Horst Bernhard Wilhelm Frank was born on May 28, 1929 in Lubeck, Schleswig-Holstein, Germany. The son of a porcelain painter. Horst Frank financed his acting studies by working part-time as a babysitter and night watchman. He actually failed his final exams at the Musikhochschule Hamburg, but nonetheless managed to secure an acting position in his home town. For some time after, his work was primarily confined to small parts on stage and in radio. His first screen role saw him as a cowardly pilot in “The Star of Africa” (1957). Frank then won a critic's award for his next role as member of a U-Boat crew in the war drama “Sharks and Little Fish” (1957).
Of athletic, lithe build and owner of a somewhat cold, hypnotic gaze (with a voice to match), Frank soon found himself typecast to disturbingly good effect as psychotic murderers in German and international productions “The Black Panther of Ratana” (1963), “Das Mädchen vom Moorhof” (1958), “The Copper” (1958). Alternatively, he proved an ideal henchman for spaghetti westerns “Bullets Don't Argue” (1964), “Johnny Hamlet” (1968) and “Django, Prepare a Coffin” (1968). Frank didn't seem to mind turning out copies of the same negative in a seemingly endless gallery of ruthless killers and impassive assassins. He did so with relish well into the 1980's and 1990's, enjoying guest spots on popular TV crime time shows like “Tatort” (1969) and “Derrick” (1974). If Horst Frank was in the cast, you knew pretty much from the start 'whodunnit'.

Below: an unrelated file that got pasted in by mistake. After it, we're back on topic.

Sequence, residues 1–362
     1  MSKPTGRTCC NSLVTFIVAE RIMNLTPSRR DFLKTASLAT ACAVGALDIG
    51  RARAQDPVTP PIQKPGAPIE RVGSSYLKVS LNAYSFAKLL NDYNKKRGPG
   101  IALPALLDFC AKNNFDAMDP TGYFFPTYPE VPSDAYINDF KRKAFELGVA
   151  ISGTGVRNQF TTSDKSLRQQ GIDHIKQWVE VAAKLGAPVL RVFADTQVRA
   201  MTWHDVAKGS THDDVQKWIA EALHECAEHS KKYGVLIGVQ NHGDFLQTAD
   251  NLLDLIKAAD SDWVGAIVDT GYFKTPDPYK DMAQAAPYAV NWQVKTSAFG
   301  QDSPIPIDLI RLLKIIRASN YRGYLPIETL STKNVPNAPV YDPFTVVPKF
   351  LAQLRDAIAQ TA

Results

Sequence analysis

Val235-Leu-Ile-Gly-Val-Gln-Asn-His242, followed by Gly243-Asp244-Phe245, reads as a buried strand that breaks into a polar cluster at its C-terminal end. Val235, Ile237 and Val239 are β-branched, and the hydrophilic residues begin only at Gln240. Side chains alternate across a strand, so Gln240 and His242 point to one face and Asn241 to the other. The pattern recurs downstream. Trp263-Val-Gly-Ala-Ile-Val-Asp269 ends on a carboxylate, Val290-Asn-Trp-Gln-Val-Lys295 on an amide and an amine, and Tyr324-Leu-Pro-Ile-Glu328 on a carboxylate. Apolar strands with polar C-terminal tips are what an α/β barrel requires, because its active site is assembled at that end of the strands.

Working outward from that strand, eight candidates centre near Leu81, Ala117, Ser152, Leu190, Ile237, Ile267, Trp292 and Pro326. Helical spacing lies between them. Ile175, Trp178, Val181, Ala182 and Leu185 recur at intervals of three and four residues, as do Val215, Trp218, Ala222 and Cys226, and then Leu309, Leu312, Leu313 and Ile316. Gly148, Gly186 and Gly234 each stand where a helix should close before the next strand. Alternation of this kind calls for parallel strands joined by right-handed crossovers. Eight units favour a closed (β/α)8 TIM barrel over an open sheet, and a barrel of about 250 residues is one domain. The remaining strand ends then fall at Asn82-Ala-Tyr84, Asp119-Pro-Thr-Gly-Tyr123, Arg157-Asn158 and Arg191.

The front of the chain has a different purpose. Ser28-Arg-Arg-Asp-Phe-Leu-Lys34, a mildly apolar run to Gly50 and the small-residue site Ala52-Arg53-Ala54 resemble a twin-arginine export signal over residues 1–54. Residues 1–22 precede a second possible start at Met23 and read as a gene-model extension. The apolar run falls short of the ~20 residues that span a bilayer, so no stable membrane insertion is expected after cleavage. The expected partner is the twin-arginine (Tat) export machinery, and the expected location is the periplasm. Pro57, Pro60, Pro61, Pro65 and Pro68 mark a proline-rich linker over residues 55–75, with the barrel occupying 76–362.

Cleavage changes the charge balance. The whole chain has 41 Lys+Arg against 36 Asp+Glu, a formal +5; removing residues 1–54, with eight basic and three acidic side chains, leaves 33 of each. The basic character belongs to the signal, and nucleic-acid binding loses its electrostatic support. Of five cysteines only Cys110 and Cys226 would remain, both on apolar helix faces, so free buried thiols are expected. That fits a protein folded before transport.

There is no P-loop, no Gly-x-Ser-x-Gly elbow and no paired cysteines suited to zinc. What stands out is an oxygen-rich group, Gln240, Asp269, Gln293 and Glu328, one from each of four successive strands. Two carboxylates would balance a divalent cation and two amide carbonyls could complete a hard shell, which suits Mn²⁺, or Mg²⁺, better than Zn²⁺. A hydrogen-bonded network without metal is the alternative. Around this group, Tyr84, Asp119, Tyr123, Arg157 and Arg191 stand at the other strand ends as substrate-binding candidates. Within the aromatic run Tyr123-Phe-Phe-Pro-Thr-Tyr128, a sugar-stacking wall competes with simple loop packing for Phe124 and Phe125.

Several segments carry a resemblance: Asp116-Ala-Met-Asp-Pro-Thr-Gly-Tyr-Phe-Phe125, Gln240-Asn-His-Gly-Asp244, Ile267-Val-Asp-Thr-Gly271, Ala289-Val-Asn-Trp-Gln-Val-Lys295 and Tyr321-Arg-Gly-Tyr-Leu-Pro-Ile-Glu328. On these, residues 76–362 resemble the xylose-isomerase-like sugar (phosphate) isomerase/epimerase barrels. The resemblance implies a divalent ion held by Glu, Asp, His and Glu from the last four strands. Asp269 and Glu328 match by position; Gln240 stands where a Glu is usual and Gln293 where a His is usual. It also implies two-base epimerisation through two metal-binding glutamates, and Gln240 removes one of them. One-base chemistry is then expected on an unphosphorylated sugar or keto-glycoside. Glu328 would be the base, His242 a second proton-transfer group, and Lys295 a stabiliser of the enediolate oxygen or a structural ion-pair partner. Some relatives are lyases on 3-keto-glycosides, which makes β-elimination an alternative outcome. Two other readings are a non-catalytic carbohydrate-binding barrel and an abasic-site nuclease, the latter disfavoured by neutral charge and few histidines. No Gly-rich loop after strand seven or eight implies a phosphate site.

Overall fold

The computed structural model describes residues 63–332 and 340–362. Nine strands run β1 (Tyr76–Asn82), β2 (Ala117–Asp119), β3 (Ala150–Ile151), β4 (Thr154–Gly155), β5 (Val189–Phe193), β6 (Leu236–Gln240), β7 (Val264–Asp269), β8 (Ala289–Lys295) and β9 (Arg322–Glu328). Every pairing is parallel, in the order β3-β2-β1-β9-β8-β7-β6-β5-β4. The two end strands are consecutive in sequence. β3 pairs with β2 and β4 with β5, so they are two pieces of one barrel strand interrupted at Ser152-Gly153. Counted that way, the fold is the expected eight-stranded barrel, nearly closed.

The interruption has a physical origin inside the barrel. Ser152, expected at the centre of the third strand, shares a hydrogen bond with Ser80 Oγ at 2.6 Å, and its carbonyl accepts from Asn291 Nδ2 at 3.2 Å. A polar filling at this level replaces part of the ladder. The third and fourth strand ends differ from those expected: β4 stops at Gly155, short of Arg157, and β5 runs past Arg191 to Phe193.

Behind the menacing heavy, there was a family man and author of poems and chansons. In addition to his screen acting, Frank lent his voice to dubbing work (for the likes of fellow tough guys Jack Palance, Ernest Borgnine and Chuck Connors); and to radio, where he voiced Captain Nemo in "20,000 Leagues Under the Sea" and "The Mysterious Island".
Likely because of his lack of work in major American or British productions, Frank never quite achieved the international recognition he undoubtedly deserved. He died quite suddenly on May 25 1999 of a brain hemorrhage, just short of his 70th birthday.
Today be remember Horst Frank on what would have been his 85th birthday.